Nuts: A starving bull and a 450 year legacy.

Nuts: A starving bull and a 450 year legacy.

Voices raised in songs of devotion as crowds throng to seek the blessings of Nandi and Lord Shiva, the continuous hum of customers haggling, as far as the eye could see, a sea of brownish – groundnuts in all shapes and sizes, laid out across the roads. This is Basavanagudi each year in November, throughout the Kadlekai Parishe (Groundnut Fair), a legacy that dates back to Kempegowda himself. Having been at the forefront of these parties for over 25 years, he tells Vishaka V. Warrier about the Kadlekai Parishe that will happen on November 25 and 26 this year.

The man with all the proverbial’smile’ and down-to-earth manner, is well-versed together with all the background of the locality. Basava is just another term for’Nandi’bull or bull. ‘That goes back to Kempegowda’s time,’ says Satyanarayanasaid ‘Groundnuts were developed here but the farmers discovered, to their disappointment, so their harvest was being consumed in the nighttime with a bull.’ The Basava, or the bull, is Thought to Be the gatekeeper of Kailasha, the abode of Lord Shiva. ‘by ravaging their livelihoods, They decided to appeal to Lord Shiva, to stop this bull.

They offered their produce into the Nandi first before it was given for human ingestion.

Kempegowda, who is known as the founder of Bengaluru, took it upon himself to construct a temple. The fourth Monday of Kaarthika Maasa was devoted to the farmers. Since it became a kind of meeting point for farmers, Kempegowda conceptualised the Kadklekai Parishe, a festival.’

Satyanarayana has dwelt in Basavanagudi and the Kadlekai Parishe brings back many memories, going back to when he had been a child himself.’ I recall farmers coming to offer their produce and participating in the honest,’ he cried. Groundnuts boiled back home or fried and were purchased. ‘I’m not able to enjoy the fair now,’ he says, somewhat sadly,’My responsibilities as a corporator means I have a checklist of items that have to be attended to! Formerly, I had been free to roam around and revel in the jaathre!’

The commercialisation of bengaluru has cast its spell states Satyanarayana. Now, instead of sitting in a vast open space, the Parishe zigzags its way. Culture is always changing, as are notions of entertainment as well as the Parishe has enlarged too petting zoos as well as circus performances to help keep customers. Even the BJP government in 2008, he says,’turned the festival into a cultural extravaganza, in which dancing, music and folk art are performed by both professionals and citizens. These happen in the parks of Basavanagudi ‘ There are also sellers than farmers, Nowadays.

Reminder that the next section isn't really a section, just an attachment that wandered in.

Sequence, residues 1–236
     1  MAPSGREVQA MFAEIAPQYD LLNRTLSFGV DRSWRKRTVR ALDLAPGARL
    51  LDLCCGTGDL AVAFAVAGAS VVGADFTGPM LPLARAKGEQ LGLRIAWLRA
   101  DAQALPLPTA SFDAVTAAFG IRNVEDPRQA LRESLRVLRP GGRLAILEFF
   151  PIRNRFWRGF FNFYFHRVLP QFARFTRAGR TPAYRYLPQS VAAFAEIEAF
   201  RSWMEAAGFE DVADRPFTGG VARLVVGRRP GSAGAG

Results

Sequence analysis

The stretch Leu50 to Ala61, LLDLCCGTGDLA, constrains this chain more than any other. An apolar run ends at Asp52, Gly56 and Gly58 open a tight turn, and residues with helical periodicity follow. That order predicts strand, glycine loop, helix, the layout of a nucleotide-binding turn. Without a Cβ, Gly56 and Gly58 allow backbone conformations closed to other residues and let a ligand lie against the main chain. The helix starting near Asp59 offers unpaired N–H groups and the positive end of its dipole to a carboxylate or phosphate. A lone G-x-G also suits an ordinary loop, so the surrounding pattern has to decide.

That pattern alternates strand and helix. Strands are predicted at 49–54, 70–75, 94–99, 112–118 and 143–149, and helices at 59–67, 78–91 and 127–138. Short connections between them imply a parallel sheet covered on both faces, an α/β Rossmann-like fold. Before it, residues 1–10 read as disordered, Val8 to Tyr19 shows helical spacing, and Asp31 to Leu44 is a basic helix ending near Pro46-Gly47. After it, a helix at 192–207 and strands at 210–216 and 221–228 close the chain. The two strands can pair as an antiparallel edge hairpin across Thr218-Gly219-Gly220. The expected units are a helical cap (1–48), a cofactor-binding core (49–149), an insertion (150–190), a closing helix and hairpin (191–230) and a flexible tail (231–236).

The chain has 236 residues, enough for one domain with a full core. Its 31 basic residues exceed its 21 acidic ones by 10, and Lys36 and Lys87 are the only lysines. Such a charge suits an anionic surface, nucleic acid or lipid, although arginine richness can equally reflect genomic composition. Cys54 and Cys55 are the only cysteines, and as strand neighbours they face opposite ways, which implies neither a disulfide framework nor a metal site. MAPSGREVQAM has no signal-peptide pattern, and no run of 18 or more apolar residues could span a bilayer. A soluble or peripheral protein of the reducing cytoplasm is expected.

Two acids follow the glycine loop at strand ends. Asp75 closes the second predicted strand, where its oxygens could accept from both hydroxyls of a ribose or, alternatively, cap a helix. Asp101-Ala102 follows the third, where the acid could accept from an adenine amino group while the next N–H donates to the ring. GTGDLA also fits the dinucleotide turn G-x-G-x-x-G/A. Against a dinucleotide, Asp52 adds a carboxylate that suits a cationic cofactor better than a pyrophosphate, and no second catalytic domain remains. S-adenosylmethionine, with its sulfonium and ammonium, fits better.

‘villages which groundnuts surrounded Basavanagudi. So back then, the festival has been anchored by the farmers. However, since this is no more land, farmers have moved to the outskirts of town,’ he explains. There are also more varieties as sellers stock distinct create, being sold now. ‘Some buy their groundnuts from K.R. Market, others visit farmers in the neighboring villages. There are still farmers that come from places like Magadi, Anekal and Dodballapur, who reflect their neighborhood today.’

A lakh visitors arrive each year, as well as the vendors participating in the fair.

Basavanagudi has come to be an’adda for lovers of arts, foodies and the devotees, of course, seeking the blessings.’ It’s a high-security event, with around 500 police officers of various ranks and from the Home Guards appointed for the festival. Has been well-equipped if there is a medical emergency of any type. BWSSB provides drinking water, while the Muzrai and BBMP departments are at the forefront of the organisation of this festival. ‘It’s the end result of a force .’

He said to set the tone for the following official delegation of duties,’Preparing Basavanagudi is the first endeavor. We start with three drives, every year. One on Friday, then a day before the fair and obviously, one the day comes to an end.’ This year, the platform of the festival is utilized to provide awareness about the use of plastic and waste segregation. He explained,’Our celebrations shouldn’t cause injury.’

His strategy to the goes past the discharging his official duties. Mr. Satyanarayana states,’Fairs like Kadlekai Parishe are platform for upholding the culture of our land. With the town getting a multi-cultural site, we have to take pride in not only exhibiting our civilization, but also talk about the stories of our property to the cultivate creation and people from other cultures.’

Taking inspiration in the iconic Kadlekai Parishe at Basavanagudi, chapters of the same have emerged at Malleshwaram and Yelahanka. He said’The traffic woes in the city have made it difficult for folks to make it into the fair. Therefore, this is a good initiative.’

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